Three- to Eight-Foot Tall World Class Competitors

This will be my one blog from Rio, until my duties as a jury member for these Paralympics are done, to maintain impartiality during my work. 20 years ago I worked at my first Paralympics as a producer for the Atlanta Paralympic Committee in charge of the Sitting Volleyball venue. These athletes always humble me, to see the joy in friendship and competition. They remind me of that great Chinese proverb, “Winning and losing are temporary, friendships last forever…”

Much was made of a picture of a 4’9” USA gymnast posing with 6’9” USA Volleyball star Matt Anderson. As my title notes, when you walk around the Paralympic village here, you will see dwarves just over three feet tall in their nation’s sweatsets, strolling next to the tallest athlete in these Paralympics, an 8’1” Iranian sitting volleyball player. That the range of world class competitors is much wider than in the Olympics is part of what these games are all about; fitting the world’s people, even those disabled, into the joy of play and competition.  Taking an Iranian kid who lived for years without leaving his house, and allowing him to become the MVP of a world sporting event – the 2016 World ParaVolley Intercontinental in China – just a couple of years later, is one of our sport’s best examples. There are thousands of stories here like that, of athletes overcoming barriers and changing their nation’s perspectives on disability.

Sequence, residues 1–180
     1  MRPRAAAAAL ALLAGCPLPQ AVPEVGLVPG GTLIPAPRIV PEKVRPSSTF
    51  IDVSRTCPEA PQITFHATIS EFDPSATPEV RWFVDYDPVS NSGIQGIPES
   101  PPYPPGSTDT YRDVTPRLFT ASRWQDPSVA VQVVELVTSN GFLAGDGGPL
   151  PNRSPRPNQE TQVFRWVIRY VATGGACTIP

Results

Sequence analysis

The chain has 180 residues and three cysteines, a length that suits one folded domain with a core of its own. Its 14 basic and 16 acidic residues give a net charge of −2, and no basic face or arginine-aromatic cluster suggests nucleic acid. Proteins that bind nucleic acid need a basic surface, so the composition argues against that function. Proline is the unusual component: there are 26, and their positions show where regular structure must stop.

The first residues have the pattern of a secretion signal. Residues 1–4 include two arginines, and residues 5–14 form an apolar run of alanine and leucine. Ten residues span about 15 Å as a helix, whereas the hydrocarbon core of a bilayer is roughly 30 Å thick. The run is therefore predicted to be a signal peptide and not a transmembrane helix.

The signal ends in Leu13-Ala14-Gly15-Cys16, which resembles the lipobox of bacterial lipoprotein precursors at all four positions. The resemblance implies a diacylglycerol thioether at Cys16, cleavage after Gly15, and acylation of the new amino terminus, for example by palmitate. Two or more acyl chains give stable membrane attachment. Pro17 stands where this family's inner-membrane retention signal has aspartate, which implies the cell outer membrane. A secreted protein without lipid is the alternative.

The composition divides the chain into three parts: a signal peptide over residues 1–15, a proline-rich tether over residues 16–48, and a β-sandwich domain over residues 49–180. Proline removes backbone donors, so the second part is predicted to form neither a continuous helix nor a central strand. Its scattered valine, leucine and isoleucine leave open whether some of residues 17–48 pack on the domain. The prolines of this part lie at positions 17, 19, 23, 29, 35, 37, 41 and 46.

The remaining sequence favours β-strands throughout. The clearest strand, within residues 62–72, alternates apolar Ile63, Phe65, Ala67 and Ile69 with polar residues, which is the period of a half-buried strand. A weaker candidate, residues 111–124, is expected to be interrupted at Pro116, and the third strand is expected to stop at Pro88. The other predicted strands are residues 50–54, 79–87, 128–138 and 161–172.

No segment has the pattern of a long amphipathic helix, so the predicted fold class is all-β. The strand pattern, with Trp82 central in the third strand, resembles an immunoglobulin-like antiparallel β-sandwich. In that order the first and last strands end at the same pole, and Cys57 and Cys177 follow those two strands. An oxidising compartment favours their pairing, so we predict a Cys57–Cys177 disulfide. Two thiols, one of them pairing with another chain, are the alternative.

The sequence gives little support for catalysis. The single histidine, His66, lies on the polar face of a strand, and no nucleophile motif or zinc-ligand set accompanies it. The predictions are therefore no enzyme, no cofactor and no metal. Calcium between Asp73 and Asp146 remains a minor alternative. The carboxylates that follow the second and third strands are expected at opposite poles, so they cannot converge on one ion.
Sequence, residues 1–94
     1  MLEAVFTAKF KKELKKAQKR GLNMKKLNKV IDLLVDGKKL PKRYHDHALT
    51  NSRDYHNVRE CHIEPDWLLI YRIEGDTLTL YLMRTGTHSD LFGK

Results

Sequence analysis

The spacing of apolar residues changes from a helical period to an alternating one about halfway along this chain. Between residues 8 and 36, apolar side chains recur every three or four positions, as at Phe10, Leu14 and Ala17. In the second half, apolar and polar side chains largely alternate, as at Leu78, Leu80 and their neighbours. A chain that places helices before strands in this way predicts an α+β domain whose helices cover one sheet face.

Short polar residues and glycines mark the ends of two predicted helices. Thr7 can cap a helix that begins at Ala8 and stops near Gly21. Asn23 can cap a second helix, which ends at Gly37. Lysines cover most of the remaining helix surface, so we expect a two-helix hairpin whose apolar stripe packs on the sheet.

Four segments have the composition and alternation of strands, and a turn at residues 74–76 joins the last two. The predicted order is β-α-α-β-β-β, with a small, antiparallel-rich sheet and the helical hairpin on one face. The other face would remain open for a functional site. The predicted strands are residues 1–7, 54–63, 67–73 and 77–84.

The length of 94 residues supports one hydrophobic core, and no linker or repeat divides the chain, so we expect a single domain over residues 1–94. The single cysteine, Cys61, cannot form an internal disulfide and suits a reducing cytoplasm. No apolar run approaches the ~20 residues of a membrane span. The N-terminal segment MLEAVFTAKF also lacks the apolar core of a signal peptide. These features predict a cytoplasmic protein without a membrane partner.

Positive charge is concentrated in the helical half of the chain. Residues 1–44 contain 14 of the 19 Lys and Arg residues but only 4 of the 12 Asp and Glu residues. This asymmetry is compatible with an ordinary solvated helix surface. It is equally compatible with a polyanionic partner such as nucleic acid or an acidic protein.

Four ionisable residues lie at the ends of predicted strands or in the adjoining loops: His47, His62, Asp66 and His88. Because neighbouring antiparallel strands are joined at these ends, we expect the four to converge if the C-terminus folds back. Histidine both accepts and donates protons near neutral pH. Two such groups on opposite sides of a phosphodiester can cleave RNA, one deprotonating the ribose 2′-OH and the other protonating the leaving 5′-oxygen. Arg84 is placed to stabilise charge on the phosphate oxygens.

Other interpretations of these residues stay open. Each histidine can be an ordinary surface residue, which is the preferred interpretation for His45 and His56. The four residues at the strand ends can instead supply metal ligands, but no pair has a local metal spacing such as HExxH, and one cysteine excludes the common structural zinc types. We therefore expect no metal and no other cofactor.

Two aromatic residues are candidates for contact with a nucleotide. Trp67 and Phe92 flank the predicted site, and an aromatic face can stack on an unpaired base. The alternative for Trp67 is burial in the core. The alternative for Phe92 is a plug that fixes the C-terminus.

For me, I smile the most at the unique collaborations seen daily.  People “trains” of sighted sport athletes leading their blind countrymen and women around the venues.  Team Nederland has Dutch-colored bikes to ride, while their fellow athletes in wheelchairs hold on to the back and get to whiz along the bike paths from dorm to dining hall and back. Sighted runners training and competing with their blind teammates connected by a long shoestring. Everyone playing games, mixing up wheelchair athletes with those with just one leg or one arm or born small or very tall, or blind – and laughing at all the unique situations that occur and need to be solved. This is a village right now where over 100 nations of people don’t feel ostracized or different; simply athletes competing to be the best at whatever they love to do. There are ramps so athletes don’t have to get help up a staircase in their wheelchair (as some have no ramp where they live). There are accessible places to get on a toilet. This place they will call home for 2 weeks is built to embrace all Paralympians and it is an inspiring place beyond words.